Devolution: A Decade On - Justice Committee Contents

Memorandum submitted by Graham Pearce, Aston University and Sarah Ayres, Bristol University


  1.1  This memorandum draws upon the findings of a recent ESRC study into English regional governance. Since 1997 constitutional arrangements in parts of the UK have been transformed by political devolution. Nonetheless, they have evolved incrementally, leading to an asymmetric set of territorial structures and processes and limited attention has been given to assessing either their effectiveness or their wider impacts for UK government.

  1.2  Consideration about how the government of England, which comprises 85% of the UK's population, should be accommodated within a post-devolution UK is notable by its absence. Labour's early enthusiasm for regional government was conceived as a way of giving England a more influential voice in a devolved UK and decentralising government from Whitehall. The 2004 North East referendum, however, halted plans for elected regional government beyond Greater London. The outcome is that England is now the most centralised of all the large countries in Western Europe and forms the preponderant part of a "lopsided" United Kingdom (Jeffery and Wincott, 2006).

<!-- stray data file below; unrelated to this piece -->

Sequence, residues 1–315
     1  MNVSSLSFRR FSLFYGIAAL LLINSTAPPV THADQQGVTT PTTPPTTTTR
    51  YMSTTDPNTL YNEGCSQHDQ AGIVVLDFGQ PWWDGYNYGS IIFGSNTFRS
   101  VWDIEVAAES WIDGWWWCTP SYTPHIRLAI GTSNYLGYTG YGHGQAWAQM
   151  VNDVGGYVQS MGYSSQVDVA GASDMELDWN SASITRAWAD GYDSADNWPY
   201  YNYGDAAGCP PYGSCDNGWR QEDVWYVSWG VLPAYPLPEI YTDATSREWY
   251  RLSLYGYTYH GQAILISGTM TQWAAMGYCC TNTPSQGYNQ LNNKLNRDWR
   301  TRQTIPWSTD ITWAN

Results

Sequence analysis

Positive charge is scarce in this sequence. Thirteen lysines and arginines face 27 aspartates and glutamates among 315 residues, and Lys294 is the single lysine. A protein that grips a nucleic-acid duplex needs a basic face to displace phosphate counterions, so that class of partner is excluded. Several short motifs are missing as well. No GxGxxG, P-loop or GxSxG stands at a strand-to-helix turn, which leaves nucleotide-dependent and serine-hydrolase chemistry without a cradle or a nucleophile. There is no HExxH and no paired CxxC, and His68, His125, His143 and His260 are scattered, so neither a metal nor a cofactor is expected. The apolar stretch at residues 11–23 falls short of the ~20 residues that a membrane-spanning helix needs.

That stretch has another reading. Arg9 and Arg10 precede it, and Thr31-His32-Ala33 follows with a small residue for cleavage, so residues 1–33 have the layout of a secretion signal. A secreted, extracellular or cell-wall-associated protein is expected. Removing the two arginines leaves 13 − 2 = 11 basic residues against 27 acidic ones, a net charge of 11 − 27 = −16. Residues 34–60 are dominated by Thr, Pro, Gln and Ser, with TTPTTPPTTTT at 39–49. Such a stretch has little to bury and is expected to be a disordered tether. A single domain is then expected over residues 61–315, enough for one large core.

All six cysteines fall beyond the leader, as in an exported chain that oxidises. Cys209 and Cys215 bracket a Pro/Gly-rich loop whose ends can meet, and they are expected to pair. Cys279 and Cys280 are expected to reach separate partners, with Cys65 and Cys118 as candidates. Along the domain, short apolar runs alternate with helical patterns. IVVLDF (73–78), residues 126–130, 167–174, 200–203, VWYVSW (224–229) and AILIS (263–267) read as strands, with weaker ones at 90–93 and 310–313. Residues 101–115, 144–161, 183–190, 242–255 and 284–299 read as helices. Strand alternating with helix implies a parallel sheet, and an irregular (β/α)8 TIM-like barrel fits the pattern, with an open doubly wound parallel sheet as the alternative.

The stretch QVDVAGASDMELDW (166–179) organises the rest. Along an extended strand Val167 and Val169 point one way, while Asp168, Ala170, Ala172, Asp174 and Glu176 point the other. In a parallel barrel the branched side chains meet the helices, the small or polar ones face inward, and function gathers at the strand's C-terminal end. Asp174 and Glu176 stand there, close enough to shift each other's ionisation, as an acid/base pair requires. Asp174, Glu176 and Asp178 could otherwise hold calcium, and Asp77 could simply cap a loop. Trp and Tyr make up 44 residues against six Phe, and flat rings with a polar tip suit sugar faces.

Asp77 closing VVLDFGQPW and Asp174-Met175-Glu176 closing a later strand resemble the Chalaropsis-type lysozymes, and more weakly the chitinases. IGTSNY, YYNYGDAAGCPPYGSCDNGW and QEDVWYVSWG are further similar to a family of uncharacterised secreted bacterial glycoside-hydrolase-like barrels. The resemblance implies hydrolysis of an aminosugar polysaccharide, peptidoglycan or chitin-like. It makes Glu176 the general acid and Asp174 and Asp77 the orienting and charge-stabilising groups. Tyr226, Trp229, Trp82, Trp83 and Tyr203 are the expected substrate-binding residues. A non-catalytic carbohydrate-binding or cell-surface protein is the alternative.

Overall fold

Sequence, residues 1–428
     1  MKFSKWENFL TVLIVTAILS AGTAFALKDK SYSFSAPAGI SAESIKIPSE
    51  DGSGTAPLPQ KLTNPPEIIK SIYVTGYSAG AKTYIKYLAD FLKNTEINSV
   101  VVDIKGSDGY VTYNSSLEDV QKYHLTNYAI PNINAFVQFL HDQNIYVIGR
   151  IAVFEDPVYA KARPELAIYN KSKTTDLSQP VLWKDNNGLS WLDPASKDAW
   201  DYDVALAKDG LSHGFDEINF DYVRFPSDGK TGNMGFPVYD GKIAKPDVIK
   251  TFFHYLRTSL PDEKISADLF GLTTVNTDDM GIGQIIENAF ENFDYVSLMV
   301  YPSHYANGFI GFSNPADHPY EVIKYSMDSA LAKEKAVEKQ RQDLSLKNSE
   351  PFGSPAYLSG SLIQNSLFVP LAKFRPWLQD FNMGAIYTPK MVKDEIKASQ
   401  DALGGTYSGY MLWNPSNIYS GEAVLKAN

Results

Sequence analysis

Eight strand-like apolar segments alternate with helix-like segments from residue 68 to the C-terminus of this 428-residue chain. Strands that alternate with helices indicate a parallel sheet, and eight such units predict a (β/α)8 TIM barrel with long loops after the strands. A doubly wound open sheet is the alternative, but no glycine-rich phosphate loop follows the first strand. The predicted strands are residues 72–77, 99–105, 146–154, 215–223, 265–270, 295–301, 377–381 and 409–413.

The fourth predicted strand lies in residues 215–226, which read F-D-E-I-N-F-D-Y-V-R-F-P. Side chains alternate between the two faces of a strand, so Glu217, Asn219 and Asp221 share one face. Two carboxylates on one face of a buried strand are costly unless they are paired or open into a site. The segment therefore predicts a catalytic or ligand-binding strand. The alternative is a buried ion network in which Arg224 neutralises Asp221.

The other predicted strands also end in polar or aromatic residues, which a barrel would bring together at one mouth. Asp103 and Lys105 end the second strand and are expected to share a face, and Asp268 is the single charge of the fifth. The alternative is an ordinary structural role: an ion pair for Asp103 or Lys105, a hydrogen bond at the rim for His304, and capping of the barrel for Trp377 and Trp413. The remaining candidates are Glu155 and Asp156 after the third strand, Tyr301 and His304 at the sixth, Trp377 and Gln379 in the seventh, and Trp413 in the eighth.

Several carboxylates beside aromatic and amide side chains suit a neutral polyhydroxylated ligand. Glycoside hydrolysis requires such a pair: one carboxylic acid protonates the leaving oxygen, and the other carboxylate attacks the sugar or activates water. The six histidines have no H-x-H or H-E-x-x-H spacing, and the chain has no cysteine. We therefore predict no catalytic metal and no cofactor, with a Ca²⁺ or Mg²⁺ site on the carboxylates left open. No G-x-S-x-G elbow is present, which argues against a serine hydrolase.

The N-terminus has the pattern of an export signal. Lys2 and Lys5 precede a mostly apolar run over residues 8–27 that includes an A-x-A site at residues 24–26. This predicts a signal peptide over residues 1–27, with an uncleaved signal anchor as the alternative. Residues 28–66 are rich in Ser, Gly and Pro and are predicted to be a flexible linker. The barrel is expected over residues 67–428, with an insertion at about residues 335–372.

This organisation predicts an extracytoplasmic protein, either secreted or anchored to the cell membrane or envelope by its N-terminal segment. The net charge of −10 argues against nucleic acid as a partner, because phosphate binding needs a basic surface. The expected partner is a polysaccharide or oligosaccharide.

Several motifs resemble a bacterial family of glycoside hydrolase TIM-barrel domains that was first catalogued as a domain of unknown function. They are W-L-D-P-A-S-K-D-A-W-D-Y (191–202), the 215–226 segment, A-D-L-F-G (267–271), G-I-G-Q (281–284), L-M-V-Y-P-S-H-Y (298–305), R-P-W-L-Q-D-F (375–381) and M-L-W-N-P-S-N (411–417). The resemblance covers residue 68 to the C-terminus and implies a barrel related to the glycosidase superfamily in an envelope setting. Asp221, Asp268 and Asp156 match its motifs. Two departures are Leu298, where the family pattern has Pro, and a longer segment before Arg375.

1.3  The White Paper, Your Region, Your Choice: Revitalising the English Regions asserted that administrative decentralisation "will make the delivery of programmes and policies more efficient and ultimately lead to better outcomes in all regions" (Cabinet Office and DTLR, 2002: 3.14). However, this remains largely untested. The Government's approach to English regionalism has been piecemeal and is characterised by a plethora of region based, government bodies in which no single body has responsibility. Our central argument is that too little attention has been given to the government of England in the process of UK devolution and that current regional institutional structures are both unstable and lack sufficient capacity to secure a coordinated national and regional approach to strategy making and implementation.